Reporting from the Afghan Battlefront

(CBS)
This Reporter's Notebook was filed by CBS News correspondent Mandy Clark.

We arrived in Barg-e-Matal at 4 a.m. by Chinook, running off the chopper and diving into a field under the veil of darkness. My first thought: "I hope there are no landmines."

There weren't, but there was sporadic gunfire high on the hills as Taliban took potshots at the Army helicopters. As the sun rose we walked to the village, where the soldiers set up camp in an empty mud brick house.

By dusk, the soldiers from the 10th Mountain Division had spoken to village elders and found a weapons cache. The Taliban had fled when U.S. and Afghan forces arrived, or so it seemed.

The village is picturesque, surrounded by mountains. I sat on a bench in the make-shift camp, against the house's earth-baked wall, enjoying the view and talking to a military reporter, Sgt. Matthew Moeller with the 5th Mobile Public Affairs Detachment. Most other soldiers were outside as well, sitting, talking, watching the sun go down, it was tranquil.

Then an explosion of sound. Gunfire was coming from everywhere, all at once.

I lay my back against an alcove of rocks. A soldier was right in front of me firing at the surrounding hills. I pointed my camera but had to turn my head away because my skin was being pelted by his spent bullet casings.

Click below to see Mandy Clark's Evening News report:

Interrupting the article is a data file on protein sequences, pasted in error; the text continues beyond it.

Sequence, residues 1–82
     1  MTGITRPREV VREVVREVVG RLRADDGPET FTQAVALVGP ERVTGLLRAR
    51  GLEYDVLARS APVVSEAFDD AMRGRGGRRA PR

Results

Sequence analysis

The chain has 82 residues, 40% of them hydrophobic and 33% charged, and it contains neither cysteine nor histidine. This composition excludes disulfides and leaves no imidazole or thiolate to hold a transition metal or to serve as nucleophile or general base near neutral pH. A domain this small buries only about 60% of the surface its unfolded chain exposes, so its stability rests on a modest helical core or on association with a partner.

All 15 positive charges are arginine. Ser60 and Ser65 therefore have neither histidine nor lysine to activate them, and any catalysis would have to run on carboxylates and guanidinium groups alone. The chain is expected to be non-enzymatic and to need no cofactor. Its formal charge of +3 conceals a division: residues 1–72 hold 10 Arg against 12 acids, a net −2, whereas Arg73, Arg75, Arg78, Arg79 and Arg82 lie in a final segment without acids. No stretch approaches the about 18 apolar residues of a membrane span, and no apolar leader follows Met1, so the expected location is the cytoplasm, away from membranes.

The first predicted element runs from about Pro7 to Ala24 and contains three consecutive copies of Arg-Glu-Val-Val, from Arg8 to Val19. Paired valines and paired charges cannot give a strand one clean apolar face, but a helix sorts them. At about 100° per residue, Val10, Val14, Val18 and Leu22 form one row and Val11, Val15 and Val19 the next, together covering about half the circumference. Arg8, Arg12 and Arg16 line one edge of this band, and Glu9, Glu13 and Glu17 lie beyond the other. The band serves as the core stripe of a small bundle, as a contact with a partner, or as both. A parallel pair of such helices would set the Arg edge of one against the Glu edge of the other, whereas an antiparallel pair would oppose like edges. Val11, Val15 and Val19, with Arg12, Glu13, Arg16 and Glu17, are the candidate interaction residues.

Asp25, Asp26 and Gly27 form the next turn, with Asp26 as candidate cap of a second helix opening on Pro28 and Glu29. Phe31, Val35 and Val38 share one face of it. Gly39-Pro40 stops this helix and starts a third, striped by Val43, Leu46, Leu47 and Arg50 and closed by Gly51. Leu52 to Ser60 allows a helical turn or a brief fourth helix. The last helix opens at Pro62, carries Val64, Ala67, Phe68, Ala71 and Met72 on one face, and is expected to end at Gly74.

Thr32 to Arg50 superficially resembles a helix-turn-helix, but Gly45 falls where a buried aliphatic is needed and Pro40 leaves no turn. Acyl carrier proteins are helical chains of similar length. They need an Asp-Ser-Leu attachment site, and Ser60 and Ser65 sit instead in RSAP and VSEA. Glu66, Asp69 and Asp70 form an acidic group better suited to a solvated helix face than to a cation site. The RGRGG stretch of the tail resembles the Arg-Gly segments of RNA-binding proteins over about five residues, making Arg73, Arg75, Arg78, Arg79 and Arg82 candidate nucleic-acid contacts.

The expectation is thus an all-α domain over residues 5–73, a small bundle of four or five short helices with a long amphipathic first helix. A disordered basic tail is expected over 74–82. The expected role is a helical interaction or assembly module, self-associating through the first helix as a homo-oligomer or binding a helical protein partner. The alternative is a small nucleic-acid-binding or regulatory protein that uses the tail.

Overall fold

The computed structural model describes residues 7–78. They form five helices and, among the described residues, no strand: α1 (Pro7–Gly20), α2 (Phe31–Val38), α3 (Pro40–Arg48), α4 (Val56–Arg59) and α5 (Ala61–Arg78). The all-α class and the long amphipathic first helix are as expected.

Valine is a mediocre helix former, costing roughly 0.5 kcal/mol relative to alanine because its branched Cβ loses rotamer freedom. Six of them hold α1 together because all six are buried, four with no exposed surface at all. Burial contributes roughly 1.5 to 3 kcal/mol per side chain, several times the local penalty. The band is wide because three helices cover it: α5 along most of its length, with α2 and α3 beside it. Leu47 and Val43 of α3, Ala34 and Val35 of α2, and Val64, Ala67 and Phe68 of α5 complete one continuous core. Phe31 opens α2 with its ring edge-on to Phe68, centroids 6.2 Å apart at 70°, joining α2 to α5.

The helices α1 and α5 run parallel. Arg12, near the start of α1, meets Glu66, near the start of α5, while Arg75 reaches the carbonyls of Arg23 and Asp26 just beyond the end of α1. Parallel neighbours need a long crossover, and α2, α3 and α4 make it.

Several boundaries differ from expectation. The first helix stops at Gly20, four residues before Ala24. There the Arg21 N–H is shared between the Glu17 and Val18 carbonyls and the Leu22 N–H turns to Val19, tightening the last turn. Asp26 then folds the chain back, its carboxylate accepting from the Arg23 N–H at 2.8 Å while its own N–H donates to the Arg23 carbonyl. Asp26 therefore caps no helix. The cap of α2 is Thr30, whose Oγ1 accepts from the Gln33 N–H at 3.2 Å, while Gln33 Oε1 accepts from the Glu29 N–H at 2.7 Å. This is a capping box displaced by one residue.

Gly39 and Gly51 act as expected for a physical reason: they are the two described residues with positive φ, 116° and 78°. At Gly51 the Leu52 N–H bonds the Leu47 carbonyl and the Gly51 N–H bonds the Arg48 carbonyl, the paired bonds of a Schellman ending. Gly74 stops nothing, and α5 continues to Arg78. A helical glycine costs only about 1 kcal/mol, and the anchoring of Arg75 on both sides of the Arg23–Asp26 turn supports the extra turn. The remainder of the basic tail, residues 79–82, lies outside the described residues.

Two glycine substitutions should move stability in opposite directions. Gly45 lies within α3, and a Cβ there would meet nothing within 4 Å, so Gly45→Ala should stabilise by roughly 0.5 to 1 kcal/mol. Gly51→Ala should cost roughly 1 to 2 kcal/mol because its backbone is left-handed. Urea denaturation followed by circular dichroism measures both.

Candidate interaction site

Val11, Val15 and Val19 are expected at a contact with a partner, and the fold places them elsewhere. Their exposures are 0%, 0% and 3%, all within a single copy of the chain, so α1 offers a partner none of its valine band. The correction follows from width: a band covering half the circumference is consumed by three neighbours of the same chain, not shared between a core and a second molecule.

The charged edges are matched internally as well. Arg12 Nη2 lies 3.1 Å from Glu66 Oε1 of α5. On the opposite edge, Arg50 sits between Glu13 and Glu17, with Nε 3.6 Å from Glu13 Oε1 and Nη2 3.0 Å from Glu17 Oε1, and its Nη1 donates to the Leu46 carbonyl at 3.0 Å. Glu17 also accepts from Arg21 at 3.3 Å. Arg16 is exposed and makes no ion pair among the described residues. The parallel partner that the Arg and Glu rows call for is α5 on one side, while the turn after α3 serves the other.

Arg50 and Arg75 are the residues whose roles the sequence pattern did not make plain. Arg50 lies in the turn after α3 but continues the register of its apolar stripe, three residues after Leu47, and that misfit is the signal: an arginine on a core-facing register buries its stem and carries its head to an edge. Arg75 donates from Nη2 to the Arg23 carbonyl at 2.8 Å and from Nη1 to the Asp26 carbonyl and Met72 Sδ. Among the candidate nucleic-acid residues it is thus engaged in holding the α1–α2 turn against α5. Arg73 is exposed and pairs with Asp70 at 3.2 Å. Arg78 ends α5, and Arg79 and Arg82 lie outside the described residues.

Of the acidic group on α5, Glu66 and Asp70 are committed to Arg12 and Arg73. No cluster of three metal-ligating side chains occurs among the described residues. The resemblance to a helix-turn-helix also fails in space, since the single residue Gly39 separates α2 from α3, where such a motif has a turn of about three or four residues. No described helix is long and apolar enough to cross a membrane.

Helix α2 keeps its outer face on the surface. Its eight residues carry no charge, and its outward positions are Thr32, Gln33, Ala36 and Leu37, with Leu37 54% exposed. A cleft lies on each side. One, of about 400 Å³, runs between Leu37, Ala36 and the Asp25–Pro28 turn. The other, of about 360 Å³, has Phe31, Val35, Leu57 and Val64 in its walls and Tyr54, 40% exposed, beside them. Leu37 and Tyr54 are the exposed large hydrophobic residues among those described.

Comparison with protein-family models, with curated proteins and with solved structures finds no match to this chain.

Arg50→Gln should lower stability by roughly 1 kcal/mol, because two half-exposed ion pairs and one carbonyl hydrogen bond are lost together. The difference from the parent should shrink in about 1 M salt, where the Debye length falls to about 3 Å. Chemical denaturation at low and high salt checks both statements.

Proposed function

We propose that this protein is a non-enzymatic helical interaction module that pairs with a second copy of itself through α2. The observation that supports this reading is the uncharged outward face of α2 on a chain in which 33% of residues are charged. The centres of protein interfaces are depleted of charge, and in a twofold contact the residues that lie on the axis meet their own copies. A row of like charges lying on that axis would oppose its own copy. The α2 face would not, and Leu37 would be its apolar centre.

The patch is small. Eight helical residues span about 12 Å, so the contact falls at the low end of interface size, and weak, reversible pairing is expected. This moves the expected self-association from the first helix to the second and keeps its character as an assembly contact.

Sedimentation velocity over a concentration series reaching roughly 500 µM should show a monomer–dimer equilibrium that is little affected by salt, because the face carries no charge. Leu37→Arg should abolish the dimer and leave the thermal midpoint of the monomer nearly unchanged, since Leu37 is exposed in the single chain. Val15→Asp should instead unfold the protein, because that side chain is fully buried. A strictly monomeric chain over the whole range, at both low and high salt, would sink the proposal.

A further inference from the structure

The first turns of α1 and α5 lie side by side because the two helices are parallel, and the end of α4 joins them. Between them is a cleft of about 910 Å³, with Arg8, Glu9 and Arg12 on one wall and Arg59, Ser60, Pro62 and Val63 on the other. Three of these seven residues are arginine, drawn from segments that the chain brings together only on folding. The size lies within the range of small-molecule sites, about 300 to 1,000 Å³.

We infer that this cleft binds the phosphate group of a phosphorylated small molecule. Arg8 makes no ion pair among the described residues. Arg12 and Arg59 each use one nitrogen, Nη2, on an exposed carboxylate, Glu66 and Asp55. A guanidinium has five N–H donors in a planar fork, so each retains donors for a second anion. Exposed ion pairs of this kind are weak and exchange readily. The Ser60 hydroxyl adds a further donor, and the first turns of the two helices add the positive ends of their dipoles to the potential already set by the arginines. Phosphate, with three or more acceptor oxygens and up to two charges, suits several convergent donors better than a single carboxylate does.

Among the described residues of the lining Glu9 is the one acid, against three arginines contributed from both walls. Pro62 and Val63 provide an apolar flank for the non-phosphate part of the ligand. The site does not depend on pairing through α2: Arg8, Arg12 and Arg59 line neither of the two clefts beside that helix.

There were commands and curses flying all around, along with the bullets and rockets. I remember trying to just focus on what I was filming. I knew this was an important story and I wanted to tell it right, to get the pictures just right. If my shots were too sloppy, they wouldn't bring the viewer to the battle.

There was an explosion and a cloud of dust just several yards away — a rocket propelled grenade had hit a wall. It was the first time I overheard a soldier had been badly injured. Soldiers started firing mortar rounds, planes flew in for air strikes on the hills and as the sun had almost set, the battle was quieting down.

This is when I started to see the injured; an Afghan solider whose hand was shot, wrapped up in cloth, an American soldier hopping, shrapnel embedded into his bleeding leg, and then a soldier on a stretcher, four others had to carry him down the hill to the emergency medical chopper. He didn't make it.

Complete darkness filled the valley. I don't remember much sound, I just sat against the rocks for a long time.

The Army confirmed the death, but hasn't yet identified the fallen soldier, who was with the 1st Battalion, 32nd Infantry Regiment. At least 107 American troops have already been killed in Afghanistan this year. The death toll for all of 2008 was 151 American service members.